Just this quick acknowledgement and repetition of the topic (online marketing), helps the stranger feel as if you are really listening (which you are) and will encourage them to continue the conversation.

Business Cards

Whether or not you have a business, you should have cards on you at all times.  This should include whatever contact information you wish to share with someone, your name, and a little something about you.  This way, when you meet someone randomly during your day with whom you’ve had a conversation, you can easily share your information.  You never know when you’re going to meet your next contact.

If you have a business, or you are attempting to gain new clients for a project, make cards up for that project and don’t be afraid to add your tag-line to the card.

John Smith

Mechanic

Keeping Families Safe

Even if you’re a stay-at-home-mom, you can still create a personal card with your name, whatever contact info you want to share, and a tag-line, even if it’s as simple as “Emily’s Mom.”

The other important thing to do in this tech-savvy world is to create your contact on your phone.  So many people prefer electronic contact information to paper business cards.  Each phone is a little different, so take the time to Google how to create and send your contact information on your phone and practice with friends or family a few times before using it for the first time at an event.  There are plenty of YouTube videos and how-to articles out there to help you get this done quickly.

At events, after I have left a new person, I like to take a second to write on the back of their card (or on their contact info in my phone) a bullet list of things I learned about them, things we discussed, etc.  This helps me remember the person once I get home.  Then I scan their card (front and back) or put their information in my phone or email contacts.  For people with whom I want to reconnect, I send them a follow up email.

Reconnecting and Follow-ups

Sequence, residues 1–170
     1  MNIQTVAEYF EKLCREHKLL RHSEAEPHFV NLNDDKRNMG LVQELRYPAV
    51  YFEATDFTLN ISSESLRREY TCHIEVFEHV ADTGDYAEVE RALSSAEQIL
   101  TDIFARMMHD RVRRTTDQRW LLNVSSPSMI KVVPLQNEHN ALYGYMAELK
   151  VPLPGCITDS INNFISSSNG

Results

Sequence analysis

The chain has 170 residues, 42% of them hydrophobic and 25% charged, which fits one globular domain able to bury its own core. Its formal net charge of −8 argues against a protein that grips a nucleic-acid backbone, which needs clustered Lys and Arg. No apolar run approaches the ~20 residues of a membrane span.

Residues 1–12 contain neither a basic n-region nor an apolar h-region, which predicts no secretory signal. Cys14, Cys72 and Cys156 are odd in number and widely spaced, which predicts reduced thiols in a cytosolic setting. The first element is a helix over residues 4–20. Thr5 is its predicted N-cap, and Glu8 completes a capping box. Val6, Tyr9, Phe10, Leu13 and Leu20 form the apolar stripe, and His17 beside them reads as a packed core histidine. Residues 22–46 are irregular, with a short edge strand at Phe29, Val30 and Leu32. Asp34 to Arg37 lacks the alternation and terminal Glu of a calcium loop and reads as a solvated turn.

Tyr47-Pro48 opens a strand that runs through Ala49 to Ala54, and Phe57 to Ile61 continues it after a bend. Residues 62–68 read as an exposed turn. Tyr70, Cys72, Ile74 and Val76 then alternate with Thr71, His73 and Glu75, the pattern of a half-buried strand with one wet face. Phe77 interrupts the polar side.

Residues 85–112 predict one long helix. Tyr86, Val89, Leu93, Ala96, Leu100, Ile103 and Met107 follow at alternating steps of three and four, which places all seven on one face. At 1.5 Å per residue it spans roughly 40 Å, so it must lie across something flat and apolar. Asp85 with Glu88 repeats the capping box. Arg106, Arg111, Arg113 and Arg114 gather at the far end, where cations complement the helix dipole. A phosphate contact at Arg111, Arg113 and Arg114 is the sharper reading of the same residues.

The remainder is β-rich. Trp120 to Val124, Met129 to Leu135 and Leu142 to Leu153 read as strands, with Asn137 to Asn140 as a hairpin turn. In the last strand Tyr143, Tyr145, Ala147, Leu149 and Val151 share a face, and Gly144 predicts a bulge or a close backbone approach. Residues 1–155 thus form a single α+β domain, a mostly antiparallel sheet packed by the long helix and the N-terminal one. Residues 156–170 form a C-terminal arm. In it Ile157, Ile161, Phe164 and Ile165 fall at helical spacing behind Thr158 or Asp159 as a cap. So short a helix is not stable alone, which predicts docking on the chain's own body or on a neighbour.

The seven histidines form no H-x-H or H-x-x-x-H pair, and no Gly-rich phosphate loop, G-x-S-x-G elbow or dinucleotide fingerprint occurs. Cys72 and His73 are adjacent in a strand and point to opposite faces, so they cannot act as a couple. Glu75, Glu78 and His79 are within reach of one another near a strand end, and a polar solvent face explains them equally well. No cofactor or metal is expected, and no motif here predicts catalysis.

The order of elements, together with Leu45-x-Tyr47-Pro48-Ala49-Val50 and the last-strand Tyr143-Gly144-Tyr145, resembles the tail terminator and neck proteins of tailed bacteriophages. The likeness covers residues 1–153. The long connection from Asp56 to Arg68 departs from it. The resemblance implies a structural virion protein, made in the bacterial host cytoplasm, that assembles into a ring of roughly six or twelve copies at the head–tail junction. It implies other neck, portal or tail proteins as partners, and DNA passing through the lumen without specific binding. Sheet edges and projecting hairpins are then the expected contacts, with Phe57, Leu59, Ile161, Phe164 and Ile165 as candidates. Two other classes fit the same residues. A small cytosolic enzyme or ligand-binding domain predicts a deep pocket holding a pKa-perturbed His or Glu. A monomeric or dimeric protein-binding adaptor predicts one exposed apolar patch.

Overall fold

For those with whom I want to follow-up, I make sure to have immediate notes to refer back to the following day.  This is something you shouldn’t procrastinate.  The day after an event, set aside time to send emails to those with whom you want to create a relationship.

The email can be very short, but should be personalized to each contact.  Whatever you do, please do not copy and paste the same email to everyone.

Jane,

It was great meeting you yesterday!  I really enjoyed our conversation about online marketing.  The conference was great and I got a lot of information that I think is going to help me launch my business to the next stage.  Would you like to meet for lunch next week for a brain-storming session on how we can each implement these new ideas for our businesses?  As we’re both in similar situations, I am hoping we can help one another move forward in this area.

Looking forward to hearing from you,

Sign your email with your name, business name and your tag-line.  This should be your signature for all of your emails, including your website and any other contact info you would share with anyone.

The email you send should reference one or two of the topics you discussed, an invitation to connect again, even via Skype, and a specific reason that is beneficial to them for accepting the invitation.  Try to avoid saying things like, “I’d like to help you,” unless they specifically asked for your help.

These follow-up emails should be sent within 24 hours, while the event and the conversations are still fresh in people’s minds.  After this time period, you run the risk of your connections becoming distracted with other things.

Resting Bitch Face (RBF)

Last, but certainly not least…Resting Bitch Face.  This has been one of those life challenges for me.  Most people overcome this simply by smiling, but I’ve always felt that my smile, when forced, seems unnatural, fake and awkward.  I always feel weird just standing on the side of the room smiling by myself.  Instead, I have learned to simply start the conversation.

It’s hard the first few times, but force yourself to simply walk up to someone who is standing alone and start a conversation.  If they are at the event with you, chances are pretty good that you have something in common.  My opening goes something like:

Hi, I’m Reyla.  I figured it was time to stop standing on the sidelines and just meet people.  I always feel a little awkward at these things! 

And I smile a genuine smile.  I’m much more animated when I talk, so my RBF goes away.  I do this even when that person has RBF themselves.  As a fellow sufferer, I understand that it can be difficult for them to get past it as well.